Introduced by Polarbear as a master storyteller, John Berkavitch began his solo set post-interval, quickly proving his co-host’s compliments to be more than warranted.
A few jokes and comments to the crowd soon gave way to the start of a blockbuster story, delivered under spotlights glowing deep reds and rich blues, whilst a mist of stage-smoke weaved across the room from one side to the other. As his saga progressed, an ambient audio track began to meander in unison with the peaks and falls of the tale’s rhythm. Only subtle, its presence contributed to the melting onset of concentration that gripped the Old Vic.
In this ethereal scene Berkavitch had gained complete power over the audience, guiding them through their imaginations in hypnotic fashion. With a surreal and unpredicted conclusion, the audience woke back into the room with a bump after thoroughly enjoying the vivid path they’d trodden through his conjured world; the line-up was still yet to falter.
Where Berkavitch had been superbly mystical and outlandish, the evening’s penultimate act, Polarbear, was more relatable, gritty and ‘real’.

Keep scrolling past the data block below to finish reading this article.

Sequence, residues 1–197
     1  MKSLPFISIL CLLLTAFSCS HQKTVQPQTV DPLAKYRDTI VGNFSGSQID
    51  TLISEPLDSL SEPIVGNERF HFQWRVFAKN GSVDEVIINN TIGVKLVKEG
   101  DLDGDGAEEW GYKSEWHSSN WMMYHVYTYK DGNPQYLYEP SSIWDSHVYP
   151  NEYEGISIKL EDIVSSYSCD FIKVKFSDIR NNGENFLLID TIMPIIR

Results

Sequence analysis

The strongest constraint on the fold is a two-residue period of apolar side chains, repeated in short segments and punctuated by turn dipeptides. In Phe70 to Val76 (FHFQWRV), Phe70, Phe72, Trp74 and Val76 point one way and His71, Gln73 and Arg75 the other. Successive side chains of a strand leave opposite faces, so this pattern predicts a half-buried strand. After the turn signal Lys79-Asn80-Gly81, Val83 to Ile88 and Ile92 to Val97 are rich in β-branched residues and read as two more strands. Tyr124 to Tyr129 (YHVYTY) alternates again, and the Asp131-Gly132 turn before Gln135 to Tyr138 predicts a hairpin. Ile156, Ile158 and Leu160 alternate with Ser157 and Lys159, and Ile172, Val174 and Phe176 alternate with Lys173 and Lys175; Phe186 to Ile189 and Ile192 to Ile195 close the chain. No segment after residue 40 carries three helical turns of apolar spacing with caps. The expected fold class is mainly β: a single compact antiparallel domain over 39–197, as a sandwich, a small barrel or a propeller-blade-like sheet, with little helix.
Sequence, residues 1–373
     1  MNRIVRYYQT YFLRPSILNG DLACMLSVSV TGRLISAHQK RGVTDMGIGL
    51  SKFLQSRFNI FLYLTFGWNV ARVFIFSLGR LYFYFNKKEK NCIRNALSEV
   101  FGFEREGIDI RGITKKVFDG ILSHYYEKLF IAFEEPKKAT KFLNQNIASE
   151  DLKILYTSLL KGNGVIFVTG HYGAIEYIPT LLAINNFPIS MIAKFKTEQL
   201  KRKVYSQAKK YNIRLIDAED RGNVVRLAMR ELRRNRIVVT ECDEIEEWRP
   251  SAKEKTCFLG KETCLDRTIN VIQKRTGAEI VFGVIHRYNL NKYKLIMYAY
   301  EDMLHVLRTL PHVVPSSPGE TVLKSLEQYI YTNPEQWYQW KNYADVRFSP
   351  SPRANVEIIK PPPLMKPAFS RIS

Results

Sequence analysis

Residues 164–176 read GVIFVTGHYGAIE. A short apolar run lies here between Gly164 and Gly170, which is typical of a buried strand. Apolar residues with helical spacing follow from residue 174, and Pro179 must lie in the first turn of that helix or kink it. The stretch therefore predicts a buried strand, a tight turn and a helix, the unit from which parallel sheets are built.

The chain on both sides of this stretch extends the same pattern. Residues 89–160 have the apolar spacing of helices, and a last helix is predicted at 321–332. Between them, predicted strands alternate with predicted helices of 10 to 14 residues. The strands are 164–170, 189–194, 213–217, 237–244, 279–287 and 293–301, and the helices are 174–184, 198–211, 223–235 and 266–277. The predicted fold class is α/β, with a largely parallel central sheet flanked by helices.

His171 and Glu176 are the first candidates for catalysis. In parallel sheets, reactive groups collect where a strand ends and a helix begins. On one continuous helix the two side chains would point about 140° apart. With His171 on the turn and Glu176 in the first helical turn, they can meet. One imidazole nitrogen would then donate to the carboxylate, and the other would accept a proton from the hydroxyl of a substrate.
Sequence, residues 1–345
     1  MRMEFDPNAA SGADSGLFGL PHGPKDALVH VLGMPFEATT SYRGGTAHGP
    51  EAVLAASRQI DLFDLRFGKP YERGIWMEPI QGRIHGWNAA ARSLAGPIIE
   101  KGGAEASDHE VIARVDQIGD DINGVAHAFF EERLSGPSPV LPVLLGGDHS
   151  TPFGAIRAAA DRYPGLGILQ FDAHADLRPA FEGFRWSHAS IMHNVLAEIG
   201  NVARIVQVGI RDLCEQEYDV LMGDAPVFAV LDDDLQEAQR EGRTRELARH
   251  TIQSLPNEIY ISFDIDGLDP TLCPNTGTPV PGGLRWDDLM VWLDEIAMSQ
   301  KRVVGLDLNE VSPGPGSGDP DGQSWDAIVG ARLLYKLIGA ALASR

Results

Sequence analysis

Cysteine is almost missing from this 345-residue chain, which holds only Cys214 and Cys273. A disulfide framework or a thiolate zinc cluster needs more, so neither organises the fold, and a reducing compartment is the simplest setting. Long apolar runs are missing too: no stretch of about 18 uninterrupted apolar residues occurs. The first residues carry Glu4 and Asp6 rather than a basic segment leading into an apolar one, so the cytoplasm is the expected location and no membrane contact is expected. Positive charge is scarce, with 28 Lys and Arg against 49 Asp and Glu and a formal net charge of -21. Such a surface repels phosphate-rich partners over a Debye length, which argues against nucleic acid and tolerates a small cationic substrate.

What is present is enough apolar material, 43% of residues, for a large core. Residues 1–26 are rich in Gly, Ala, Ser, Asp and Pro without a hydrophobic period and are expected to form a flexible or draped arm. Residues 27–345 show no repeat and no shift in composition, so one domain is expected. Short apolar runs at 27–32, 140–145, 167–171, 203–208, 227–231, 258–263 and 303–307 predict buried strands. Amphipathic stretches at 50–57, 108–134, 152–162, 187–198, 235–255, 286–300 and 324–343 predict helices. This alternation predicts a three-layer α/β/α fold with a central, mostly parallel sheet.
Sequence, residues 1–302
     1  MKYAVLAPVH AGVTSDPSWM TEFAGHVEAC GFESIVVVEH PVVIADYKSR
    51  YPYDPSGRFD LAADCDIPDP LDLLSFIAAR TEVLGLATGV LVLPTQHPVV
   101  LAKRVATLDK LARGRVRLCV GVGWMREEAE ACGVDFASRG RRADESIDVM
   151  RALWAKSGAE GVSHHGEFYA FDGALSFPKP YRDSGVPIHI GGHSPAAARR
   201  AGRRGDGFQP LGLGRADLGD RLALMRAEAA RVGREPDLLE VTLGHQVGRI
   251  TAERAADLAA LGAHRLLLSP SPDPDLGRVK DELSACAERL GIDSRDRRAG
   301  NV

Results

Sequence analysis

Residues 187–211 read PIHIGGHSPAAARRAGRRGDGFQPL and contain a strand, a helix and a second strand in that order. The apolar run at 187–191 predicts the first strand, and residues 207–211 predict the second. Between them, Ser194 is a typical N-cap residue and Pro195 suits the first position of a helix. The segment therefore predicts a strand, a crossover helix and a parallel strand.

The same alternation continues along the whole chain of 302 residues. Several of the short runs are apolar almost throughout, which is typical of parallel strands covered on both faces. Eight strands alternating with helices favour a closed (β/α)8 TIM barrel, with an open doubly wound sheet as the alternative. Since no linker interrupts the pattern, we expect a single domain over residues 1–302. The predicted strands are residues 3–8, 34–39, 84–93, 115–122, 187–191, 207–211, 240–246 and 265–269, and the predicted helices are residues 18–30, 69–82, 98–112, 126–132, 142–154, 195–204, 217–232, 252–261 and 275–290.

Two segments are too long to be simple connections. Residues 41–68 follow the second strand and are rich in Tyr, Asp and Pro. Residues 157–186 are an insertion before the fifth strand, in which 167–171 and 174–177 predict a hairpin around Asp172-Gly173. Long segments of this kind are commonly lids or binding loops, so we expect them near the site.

With pieces relating to his city, his childhood and various snapshots of his adult life, the content of Polarbear’s set was at a glance more ‘pedestrian’ than the eccentric stories of his co-host. Yet within the confines of his reality, the blunt honesty and enjoyable humour of his poems drew a relatable rapport with the crowd that led them through a series of great stories.
Leaving the stage to huge adoration, it seemed those that weren’t previously aware of his work were likely now big Polarbear fans after his excellent performance tonight.
Knowing there was only one performer left on the bill and having been heavily hyped by the brilliant preceding acts, the audience roared at the arrival of headliner Kate Tempest, who smiled and joked her way around the stage in awe of the incredible scene before her.
Uncharacteristically nervous given her normal ‘alpha’ stage presence, she explained that she planned to guide those present through the narrative of her new book, ‘Everything Speaks In Its Own Way’, a semi-autobiographical collection of her poems to date.
Pacing the stage, chatting quickly and beaming a cherub-esque grin, it seemed the occasion had an understandably humbling effect on her. Her grateful response only endeared her further to her willing audience, many of which seemed to be friends and family, or at the least, ardent supporters.